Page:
If they have a bad fight, I’ll break it up. And I step in when the big one hits the little one. I take her aside and say, “We are nice girls. We do not hit people or things that are smaller than us. We protect things that are smaller than us.” There’s a theory that telling kids they’re smart can backfire, but I don’t think telling them they’re kind and nice can backfire. I hope that’s the label they show the world. It’s something I say to them a lot: “Here’s how nice girls act. We are nice girls.” It’s like our code in our house. Just now that they’re four and six, I’ve started letting them work out their own fights, although I listen in because one is bigger than the other and I wouldn’t be responsible if I didn’t. But I also don’t want the little one thinking I’ll come to her aid all the time. I want her to learn how to stand up for herself.
Do you make them say sorry?
No, because sorry isn’t active. If you hit somebody and all you have to do is say sorry, then you’ll learn that all you have to do is say sorry and then you’re out of it. Our preschool taught us to instead have them say, “What do you need?” So we’ll say, “Ask her what she needs.” And the answer could be: “I need space, I need a hug, I need a teacher, I need an ice pack.” It’s usually an ice pack, to be honest. Someone once told me that kids’ brains are most open right before they go to bed, so usually before bed we talk about the fight. The conversation always pleasantly surprises me. Like, “I did that because she was annoying me and I couldn’t control my body but I know that I shouldn’t react that way. I’ll try harder next time.” It makes me very happy.
Do you let your kids quit activities or force them to finish?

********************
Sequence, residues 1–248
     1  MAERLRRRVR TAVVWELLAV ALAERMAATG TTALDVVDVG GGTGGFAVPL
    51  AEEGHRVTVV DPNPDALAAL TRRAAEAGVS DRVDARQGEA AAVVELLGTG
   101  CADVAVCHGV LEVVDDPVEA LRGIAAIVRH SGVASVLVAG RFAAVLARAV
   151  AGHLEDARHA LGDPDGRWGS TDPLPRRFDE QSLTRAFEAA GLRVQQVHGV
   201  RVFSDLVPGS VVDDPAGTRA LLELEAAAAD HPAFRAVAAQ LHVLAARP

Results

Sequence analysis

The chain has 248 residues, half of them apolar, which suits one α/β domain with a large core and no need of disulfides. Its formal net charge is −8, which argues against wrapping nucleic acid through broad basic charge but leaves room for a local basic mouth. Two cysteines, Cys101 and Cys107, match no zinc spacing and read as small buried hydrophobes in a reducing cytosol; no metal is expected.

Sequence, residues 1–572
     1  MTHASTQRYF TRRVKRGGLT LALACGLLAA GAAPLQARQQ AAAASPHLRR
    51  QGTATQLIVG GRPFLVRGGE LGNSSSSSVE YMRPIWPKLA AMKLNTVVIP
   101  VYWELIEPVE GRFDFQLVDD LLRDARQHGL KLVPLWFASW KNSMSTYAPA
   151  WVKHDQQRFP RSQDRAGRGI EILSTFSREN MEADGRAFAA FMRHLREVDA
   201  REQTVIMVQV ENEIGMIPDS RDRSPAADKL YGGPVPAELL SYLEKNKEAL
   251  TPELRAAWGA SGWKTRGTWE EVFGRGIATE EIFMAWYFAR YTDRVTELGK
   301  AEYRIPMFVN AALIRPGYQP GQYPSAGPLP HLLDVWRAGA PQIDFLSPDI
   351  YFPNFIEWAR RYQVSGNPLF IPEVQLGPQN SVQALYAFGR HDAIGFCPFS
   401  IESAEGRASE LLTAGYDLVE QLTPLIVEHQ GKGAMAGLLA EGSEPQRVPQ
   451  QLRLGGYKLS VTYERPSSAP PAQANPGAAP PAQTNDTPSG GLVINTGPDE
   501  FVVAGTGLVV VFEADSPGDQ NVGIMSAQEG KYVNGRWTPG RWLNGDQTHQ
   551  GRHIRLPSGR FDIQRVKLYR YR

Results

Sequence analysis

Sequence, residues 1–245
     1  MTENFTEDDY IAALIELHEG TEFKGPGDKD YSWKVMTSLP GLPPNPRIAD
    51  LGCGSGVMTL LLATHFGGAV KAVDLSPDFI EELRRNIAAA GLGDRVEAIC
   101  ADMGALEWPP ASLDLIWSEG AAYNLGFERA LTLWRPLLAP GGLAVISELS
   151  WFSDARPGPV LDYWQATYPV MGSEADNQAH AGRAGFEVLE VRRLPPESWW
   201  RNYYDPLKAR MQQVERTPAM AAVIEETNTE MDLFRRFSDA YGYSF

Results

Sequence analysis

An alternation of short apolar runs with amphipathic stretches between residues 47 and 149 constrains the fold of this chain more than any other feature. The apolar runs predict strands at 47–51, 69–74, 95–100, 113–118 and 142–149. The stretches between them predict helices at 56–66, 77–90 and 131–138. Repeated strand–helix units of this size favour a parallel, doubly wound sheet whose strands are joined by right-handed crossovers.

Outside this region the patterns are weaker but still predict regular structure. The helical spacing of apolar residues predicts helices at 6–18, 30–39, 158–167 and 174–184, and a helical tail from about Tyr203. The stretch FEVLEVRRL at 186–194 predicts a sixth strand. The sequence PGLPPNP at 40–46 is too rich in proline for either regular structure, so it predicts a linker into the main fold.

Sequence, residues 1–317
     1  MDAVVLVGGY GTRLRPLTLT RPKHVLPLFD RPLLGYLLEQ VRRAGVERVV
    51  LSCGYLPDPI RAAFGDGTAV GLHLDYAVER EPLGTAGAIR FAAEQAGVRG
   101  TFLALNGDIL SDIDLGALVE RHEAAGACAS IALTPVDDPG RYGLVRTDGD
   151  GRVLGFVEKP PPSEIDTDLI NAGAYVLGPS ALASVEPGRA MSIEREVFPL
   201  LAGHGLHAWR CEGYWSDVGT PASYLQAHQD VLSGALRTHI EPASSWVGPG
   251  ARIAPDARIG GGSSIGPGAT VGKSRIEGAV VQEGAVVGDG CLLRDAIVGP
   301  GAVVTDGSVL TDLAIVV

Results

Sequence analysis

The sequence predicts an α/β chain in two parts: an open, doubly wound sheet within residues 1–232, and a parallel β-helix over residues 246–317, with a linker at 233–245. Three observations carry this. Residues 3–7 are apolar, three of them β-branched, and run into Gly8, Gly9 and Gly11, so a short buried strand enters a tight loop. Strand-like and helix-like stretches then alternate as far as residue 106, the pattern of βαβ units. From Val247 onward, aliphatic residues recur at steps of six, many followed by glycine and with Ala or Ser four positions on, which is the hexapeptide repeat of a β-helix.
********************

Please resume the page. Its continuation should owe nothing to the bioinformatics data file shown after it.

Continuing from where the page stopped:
I used to let them quit everything. They started soccer and quit, they started ballet and quit. Recently they joined a 12-week theatre group program. They said they wanted to.
But it was brutal—and I mean brutal. Every week they were screaming in the car, “I hate going here!” But I said to them, “We’re going through with this play, because neither of you knows what it’s like to be on a team, and that is a skill that you need.” I like to give my kids context, so I said, “I’m not just forcing you to go to this theatre rehearsal; I’m telling you that you need a skill set that you don’t yet have, and it’s called being on a team, and we’re going to do this. So you can either make this miserable or you can bear with me and do 12 weeks of it.” They made it miserable. But then something clicked at week 10 and they decided they loved it. They had a great time at their performance and they want to do it again.
With the baby and toddler years behind you, what are you loving about parenting older kids?
Their developing opinions. Babies are cute and wonderful but I just love the endless, endless opinions. They’re hilarious and just so interesting. I also love seeing their aesthetic developing, when they pick their own outfits or they tell me they don’t like a certain fabric or a colour, or I see the way they draw. I see that as someone who is shaping themselves.
What’s the very best part about being a mom?
You never get tired of looking at their faces. It’s like having the Mona Lisa in front of you forever. It’s like having the world’s most beautiful picture following you around. It’s endlessly entertaining and pleasing to look at.
But, actually, you know what’s even better? The opportunity to focus on someone else and care so much about their development. It’s so peaceful for your own ego. That’s also why I have a bunch of senior dogs. They require so much work, but being of service is a very peaceful feeling, and when you’re focusing on nurturing something else, it’s harder to let your ego get out of control. Being a parent makes it easier to be happy.
Here are a few of our favourites from the new baby-care line launched in part by Kristen Bell. The items are available at HelloBello.ca and will soon be in a wide variety of stores across Canada.